June 1, 2004
Unfit to Print
BUZZFLASH READER CONTRIBUTION
Amid important corrections about Carole King’s high school and the spelling of a Pixar executive’s name, Times editors on May 26 at last saw fit to mention the paper’s coverage of Iraq in the months preceding the war and shortly thereafter. Following an obligatory round of modest self-congratulation, the editors venture into darker waters, filled with imaginary chemical and biological weapons reported, in banner type, by the Times. Now it appears the threatening shapes were without substance, hoaxes and illusions foisted upon an otherwise capable, even exemplary staff of doughty professionals who did their utmost to present "an accurate reflection of the state of our knowledge at the time."
Garbage. Here is what was obvious at the time, though not at the Times. The entire discussion of WMD was a canard, a red herring, a decoy, call it what you will. Allow me to refresh the paper’s institutional memory: The inspectors, with full access, were finding no evidence of weapons stockpiles or active programs; the U.S. intelligence community was dubious of claims put forward with alarming stridency by political appointees; and sources like Chalabi and the INC, the brainchild of lie factories like Rendon and Hill & Knowlton, were likely to churn out more imaginative -- and wholly untrue -- tales of babies thrown from incubators to have their way. All of which was duly reported in the international press.
What did the Times do? In editorial after editorial, report after report, the vaunted newspaper of record framed the Iraq debate as a question of WMD, making its coverage inseparable from Bush administration propaganda. The war was never about WMD. That was obvious to all but the most cravenly stenographic of so-called journalists from the get-go. It was about, to name a few, midterm elections, military bases, crackpot imperialist ideology, Israel, payoffs to cronies, and even, though you’d never, ever guess it from the New York Times, plentiful, cheap oil. But WMD? An imminent threat? Calling for a "preemptive" war outlawed in the UN charter? When the shelf life of brash official claims (uranium! aluminum tubes!) couldn’t match the expiration date on a quart of milk? As a New Yorker, if not the New York Times, might say, you playing with me?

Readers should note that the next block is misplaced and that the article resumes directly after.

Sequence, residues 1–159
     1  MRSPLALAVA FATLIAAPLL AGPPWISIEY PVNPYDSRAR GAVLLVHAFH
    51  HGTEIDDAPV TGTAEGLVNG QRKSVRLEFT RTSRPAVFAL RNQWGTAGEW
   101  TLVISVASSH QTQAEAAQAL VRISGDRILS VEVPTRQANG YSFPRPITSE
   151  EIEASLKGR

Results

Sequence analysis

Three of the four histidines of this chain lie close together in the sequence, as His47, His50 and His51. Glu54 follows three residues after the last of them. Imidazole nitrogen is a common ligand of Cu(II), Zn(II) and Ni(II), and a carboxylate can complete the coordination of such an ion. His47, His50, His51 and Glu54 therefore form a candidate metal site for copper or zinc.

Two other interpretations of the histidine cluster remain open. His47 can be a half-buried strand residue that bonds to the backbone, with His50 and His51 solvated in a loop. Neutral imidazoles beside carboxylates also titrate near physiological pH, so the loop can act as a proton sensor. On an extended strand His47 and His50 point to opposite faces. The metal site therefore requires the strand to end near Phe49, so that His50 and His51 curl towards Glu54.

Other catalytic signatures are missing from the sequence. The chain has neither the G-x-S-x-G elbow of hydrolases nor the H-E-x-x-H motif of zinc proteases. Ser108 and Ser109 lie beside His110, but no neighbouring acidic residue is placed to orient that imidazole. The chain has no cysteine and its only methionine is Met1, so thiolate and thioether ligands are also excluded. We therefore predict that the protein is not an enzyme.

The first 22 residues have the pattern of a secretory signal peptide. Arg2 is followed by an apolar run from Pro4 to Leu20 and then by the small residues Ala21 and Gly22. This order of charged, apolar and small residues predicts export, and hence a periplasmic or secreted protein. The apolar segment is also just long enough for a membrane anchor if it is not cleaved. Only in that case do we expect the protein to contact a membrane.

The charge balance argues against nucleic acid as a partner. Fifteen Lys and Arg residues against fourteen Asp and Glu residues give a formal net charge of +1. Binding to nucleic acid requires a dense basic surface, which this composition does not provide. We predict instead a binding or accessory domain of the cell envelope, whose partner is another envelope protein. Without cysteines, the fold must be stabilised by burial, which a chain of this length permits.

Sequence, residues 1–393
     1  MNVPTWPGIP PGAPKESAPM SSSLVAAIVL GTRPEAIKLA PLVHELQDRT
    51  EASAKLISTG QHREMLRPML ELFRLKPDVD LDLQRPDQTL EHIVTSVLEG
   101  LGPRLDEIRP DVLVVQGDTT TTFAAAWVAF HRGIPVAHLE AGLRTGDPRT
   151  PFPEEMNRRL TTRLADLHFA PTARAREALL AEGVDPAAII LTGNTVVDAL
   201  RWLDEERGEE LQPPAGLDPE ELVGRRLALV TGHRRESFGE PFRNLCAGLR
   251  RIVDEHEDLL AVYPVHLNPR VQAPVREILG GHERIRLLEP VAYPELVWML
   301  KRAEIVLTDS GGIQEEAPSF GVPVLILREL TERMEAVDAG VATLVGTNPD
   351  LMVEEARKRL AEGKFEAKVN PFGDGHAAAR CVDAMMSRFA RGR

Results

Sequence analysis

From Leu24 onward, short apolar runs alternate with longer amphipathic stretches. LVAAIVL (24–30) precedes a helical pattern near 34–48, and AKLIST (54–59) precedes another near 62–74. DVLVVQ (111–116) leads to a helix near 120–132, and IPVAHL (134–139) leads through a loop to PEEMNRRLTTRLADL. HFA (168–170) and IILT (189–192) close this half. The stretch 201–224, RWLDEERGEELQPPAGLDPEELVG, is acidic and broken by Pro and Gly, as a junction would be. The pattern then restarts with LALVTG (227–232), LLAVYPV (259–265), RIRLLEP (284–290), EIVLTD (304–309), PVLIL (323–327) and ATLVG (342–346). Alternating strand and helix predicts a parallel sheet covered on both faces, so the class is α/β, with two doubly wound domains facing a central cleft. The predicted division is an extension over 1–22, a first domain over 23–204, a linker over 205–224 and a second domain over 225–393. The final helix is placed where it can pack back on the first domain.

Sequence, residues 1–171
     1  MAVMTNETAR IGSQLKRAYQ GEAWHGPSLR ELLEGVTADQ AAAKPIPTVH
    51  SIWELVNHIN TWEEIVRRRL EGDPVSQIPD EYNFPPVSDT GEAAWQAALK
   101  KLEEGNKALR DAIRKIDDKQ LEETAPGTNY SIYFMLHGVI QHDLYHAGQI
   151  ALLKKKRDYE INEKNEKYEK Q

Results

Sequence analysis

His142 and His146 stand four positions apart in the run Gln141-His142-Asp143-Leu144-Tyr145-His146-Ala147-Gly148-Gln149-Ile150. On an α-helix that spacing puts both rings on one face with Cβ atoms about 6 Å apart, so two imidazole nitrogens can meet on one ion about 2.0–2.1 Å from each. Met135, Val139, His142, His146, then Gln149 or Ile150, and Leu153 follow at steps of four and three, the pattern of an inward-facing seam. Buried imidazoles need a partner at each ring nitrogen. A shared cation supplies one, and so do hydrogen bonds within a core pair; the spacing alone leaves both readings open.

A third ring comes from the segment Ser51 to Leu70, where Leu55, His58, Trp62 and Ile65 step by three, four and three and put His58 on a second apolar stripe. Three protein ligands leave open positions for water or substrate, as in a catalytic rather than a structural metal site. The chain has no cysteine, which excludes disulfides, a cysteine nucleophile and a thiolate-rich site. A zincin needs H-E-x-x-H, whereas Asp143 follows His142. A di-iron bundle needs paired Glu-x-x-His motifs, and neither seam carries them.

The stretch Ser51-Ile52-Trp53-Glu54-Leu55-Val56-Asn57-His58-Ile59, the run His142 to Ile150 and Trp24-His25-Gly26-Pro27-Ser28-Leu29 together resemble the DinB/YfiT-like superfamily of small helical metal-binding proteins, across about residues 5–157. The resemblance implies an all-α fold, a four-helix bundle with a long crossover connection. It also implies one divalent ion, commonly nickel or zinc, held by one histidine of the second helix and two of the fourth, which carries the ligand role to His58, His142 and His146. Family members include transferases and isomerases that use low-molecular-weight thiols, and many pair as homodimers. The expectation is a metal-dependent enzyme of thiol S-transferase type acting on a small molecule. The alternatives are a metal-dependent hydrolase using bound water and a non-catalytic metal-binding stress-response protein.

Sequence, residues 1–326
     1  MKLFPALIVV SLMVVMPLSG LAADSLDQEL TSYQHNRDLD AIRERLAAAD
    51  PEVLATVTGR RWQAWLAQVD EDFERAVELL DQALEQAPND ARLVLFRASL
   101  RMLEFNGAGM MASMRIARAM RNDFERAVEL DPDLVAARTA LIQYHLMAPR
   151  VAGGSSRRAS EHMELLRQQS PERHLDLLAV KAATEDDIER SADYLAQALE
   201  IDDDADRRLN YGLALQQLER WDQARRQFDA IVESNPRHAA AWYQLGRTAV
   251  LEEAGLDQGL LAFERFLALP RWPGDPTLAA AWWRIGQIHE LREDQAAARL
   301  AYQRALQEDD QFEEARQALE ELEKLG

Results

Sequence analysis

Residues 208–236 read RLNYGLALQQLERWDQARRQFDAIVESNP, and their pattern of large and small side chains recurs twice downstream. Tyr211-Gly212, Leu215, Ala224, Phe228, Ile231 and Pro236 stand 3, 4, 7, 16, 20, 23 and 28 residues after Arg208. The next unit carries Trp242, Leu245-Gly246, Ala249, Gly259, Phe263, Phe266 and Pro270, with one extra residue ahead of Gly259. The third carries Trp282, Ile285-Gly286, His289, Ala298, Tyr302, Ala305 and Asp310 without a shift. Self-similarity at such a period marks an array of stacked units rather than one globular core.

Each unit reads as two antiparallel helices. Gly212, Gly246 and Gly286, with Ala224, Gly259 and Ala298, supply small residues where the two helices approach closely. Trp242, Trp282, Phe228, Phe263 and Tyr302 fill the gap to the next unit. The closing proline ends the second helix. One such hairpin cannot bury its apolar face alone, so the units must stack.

Yet the Times went on dignifying administration arguments, not least by excluding discussion of other, more plausible motives for which ample evidence was in plain view. Why? Apparently because for the Times, if the Bush administration said the war was about WMD, then clearly it was about WMD, which in turn called for months of solemn rumination: Does he (i.e., Saddam, butcher of Baghdad, ally of al Qaeda, er ... they’re all Arabs, aren’t they?) or doesn’t he? That was the question -- in essence the only question—for the New York Times. This despite the exposure of glaring "mistakes" by officials whose absolute commitment to the truth was already highly questionable. That’s not to say the Times need attribute every statement by, say, a Dick Cheney or a Condoleeza Rice with the phrase "and a known liar," though it would not be inaccurate to do so. That might interfere with all-important access to the known liars. No, it’s to stand in wonder at the newspaper’s willful refusal to print alternative versions given the state of common knowledge and, even more, common sense at the time. For instance, when, might I ask, did the Times forget the most rudimentary advice to the political journalist: to follow the money? (Hey, what manner of lowlife would trick out a war for a measly couple hundred billion -- certainly not the virtuous former lobbyists and corporate executives populating the Bush administration.) At the Times, money was no object; certainly it was no subject. That role WMD held virtually exclusively. Again, why? Craven bootlicking? Profound ignorance? Farcical incompetence? Whatever the causes, the Times not only hung the window dressing for a war but supplied among its fanciest fabrications.
About which the "correction" is dead silent. So let me give the Times something to put in its next mea culpa. The paper was complicit in a war of aggression that led to the death and mutilations of tens of thousands -- that bears repeating, the death and mutilation of tens of thousands -- mounted for stupefyingly cynical, shortsighted, vicious reasons. Its dogged refusal to stray from the Bush administration script about WMD and admit into mainstream discourse other explanations for the hell-bent rush to war is nothing less than a monumental journalistic disgrace.
What the Times did was bad enough; what it failed to do was perhaps worse. It’s past time to see a correction about that.
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